XeO3 Lewis Structure

XeO3 Lewis Structure

XeO3 (xenon trioxide) has one xenon atom and three oxygen atoms. In the lewis structure of XeO3, there are three double bonds around the xenon atom, with three oxygen atoms attached to it. Each oxygen atom has two lone pairs, and the xenon atom has one lone pair.

Steps

Here’s how you can draw the XeO3 lewis structure step by step.

Step #1: draw sketch
Step #2: mark lone pairs
Step #3: mark charges
Step #4: minimize charges
Step #5: minimize charges again (if there are)

Let’s break down each step in detail.

#1 Draw Sketch

  • First, determine the total number of valence electrons

In the periodic table, xenon lies in group 18, and oxygen lies in group 16.

Hence, xenon has eight valence electrons and oxygen has six valence electrons.

Since XeO3 has one xenon atom and three oxygen atoms, so…

Valence electrons of one xenon atom = 8 × 1 = 8
Valence electrons of three oxygen atoms = 6 × 3 = 18

And the total valence electrons = 8 + 18 = 26

  • Second, find the total electron pairs

We have a total of 26 valence electrons. And when we divide this value by two, we get the value of total electron pairs.

Total electron pairs = total valence electrons ÷ 2

So the total electron pairs = 26 ÷ 2 = 13

  • Third, determine the central atom

We have to place the least electronegative atom at the center.

Since xenon is less electronegative than oxygen, assume that the central atom is xenon.

Therefore, place xenon in the center and oxygens on either side.

  • And finally, draw the rough sketch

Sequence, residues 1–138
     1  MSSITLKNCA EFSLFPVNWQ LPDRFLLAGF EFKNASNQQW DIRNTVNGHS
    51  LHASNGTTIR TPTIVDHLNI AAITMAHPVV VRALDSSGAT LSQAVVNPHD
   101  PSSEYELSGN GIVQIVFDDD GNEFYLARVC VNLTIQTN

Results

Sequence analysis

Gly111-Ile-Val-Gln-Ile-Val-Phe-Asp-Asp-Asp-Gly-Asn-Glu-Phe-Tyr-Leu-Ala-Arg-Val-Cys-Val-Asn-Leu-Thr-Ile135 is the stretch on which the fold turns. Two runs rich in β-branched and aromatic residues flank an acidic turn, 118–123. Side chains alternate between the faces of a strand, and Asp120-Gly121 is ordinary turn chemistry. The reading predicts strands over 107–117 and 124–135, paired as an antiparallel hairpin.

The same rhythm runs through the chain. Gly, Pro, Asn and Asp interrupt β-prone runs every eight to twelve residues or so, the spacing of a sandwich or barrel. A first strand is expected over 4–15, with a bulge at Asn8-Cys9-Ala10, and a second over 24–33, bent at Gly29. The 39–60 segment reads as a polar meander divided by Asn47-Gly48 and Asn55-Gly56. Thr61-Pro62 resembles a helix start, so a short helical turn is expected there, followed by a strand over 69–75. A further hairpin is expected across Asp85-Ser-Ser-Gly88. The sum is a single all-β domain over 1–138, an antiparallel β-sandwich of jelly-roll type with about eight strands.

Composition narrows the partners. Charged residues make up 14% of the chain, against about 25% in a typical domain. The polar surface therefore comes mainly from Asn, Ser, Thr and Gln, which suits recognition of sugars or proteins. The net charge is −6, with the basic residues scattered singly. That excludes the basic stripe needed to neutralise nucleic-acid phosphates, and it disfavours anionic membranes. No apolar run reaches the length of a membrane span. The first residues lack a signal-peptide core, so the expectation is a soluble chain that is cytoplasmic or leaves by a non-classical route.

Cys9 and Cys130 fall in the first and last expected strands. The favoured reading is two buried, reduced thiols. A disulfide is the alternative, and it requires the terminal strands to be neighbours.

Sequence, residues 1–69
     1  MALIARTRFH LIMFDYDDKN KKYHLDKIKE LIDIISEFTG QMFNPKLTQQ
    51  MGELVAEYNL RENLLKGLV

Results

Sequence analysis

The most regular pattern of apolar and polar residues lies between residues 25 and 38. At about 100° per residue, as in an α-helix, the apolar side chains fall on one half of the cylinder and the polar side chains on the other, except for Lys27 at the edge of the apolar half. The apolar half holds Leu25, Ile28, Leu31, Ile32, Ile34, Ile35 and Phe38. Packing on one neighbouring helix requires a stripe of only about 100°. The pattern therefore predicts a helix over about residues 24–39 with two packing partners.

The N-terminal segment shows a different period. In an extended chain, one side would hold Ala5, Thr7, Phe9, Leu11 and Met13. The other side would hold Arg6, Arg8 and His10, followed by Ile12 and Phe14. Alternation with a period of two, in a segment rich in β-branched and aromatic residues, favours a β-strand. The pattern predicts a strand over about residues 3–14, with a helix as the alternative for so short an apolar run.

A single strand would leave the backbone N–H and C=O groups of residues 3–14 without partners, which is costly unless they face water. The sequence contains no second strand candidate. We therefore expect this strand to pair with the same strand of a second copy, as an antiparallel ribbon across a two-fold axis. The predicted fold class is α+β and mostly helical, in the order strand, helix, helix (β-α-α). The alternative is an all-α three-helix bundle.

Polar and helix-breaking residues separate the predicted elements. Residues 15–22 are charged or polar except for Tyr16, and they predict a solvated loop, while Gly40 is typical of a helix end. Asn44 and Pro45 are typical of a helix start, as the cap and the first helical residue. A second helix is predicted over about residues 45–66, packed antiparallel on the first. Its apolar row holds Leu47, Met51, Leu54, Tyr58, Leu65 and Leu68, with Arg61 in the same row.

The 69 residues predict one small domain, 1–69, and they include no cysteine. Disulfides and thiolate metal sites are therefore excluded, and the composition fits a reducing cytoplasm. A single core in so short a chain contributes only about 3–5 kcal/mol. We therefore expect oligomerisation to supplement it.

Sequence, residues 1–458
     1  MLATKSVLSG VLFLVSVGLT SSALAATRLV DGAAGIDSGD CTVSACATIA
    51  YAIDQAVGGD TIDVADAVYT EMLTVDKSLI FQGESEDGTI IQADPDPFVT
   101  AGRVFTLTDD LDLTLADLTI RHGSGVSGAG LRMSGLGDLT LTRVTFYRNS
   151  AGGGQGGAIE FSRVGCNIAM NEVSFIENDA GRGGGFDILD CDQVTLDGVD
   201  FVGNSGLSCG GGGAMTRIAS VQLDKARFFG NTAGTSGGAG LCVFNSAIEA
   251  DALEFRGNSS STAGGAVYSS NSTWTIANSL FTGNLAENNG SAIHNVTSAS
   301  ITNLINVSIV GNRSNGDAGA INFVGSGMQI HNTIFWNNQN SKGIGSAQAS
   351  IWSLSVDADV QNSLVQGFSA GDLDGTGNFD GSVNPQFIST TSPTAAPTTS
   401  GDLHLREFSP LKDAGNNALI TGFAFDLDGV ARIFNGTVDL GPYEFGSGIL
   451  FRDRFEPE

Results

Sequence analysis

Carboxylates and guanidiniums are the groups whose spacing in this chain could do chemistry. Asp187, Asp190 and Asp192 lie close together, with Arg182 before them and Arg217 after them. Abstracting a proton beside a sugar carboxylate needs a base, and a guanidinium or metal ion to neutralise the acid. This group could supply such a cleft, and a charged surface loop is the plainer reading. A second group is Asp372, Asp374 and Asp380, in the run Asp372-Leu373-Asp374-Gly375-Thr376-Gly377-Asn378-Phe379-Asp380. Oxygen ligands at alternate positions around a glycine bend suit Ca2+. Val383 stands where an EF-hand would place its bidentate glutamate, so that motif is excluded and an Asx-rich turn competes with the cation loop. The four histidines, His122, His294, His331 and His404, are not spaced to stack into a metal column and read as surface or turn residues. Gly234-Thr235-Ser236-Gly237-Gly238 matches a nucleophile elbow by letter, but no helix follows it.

XeO3 Lewis Structure (Step 1)

#2 Mark Lone Pairs

Here, we have a total of 13 electron pairs. And three Xe — O bonds are already marked. So we have to only mark the remaining ten electron pairs as lone pairs on the sketch.

Also remember that xenon is a period 5 element, so it can keep more than 8 electrons in its last shell. And oxygen is a period 2 element, so it can not keep more than 8 electrons in its last shell.

Always start to mark the lone pairs from outside atoms. Here, the outside atoms are oxygens.

So for each oxygen, there are three lone pairs, and for xenon, there is one lone pair.

Mark the lone pairs on the sketch as follows:

XeO3 Lewis Structure (Step 2)

#3 Mark Charges

Use the following formula to calculate the formal charges on atoms:

Formal charge = valence electrons – nonbonding electrons – ½ bonding electrons

For xenon atom, formal charge = 8 – 2 – ½ (6) = +3

For each oxygen atom, formal charge = 6 – 6 – ½ (2) = -1

Here, both xenon and oxygen atoms have charges, so mark them on the sketch as follows:

XeO3 Lewis Structure (Step 3)

The above structure is not a stable lewis structure because both xenon and oxygen atoms have charges. Therefore, reduce the charges (as below) by converting lone pairs to bonds.

#4 Minimize Charges

Convert a lone pair of the oxygen atom to make a new Xe — O bond with the xenon atom as follows:

XeO3 Lewis Structure (Step 4)

#5 Minimize Charges Again

Since there are charges on xenon and oxygen atoms, again convert a lone pair of the oxygen atom to make a new Xe — O bond with the xenon atom as follows:

XeO3 Lewis Structure (Step 5)

#6 Minimize Charges Again

There are still charges on xenon and oxygen atoms, so again convert a lone pair of the oxygen atom to make a new Xe — O bond with the xenon atom as follows:

XeO3 Lewis Structure (Step 6)

In the above structure, you can see that the central atom (xenon) forms an octet. Hence, the octet rule is satisfied.

Also, the above structure is more stable than the previous structures. Therefore, this structure is the stable lewis structure of XeO3.

Next: PBr3 Lewis Structure

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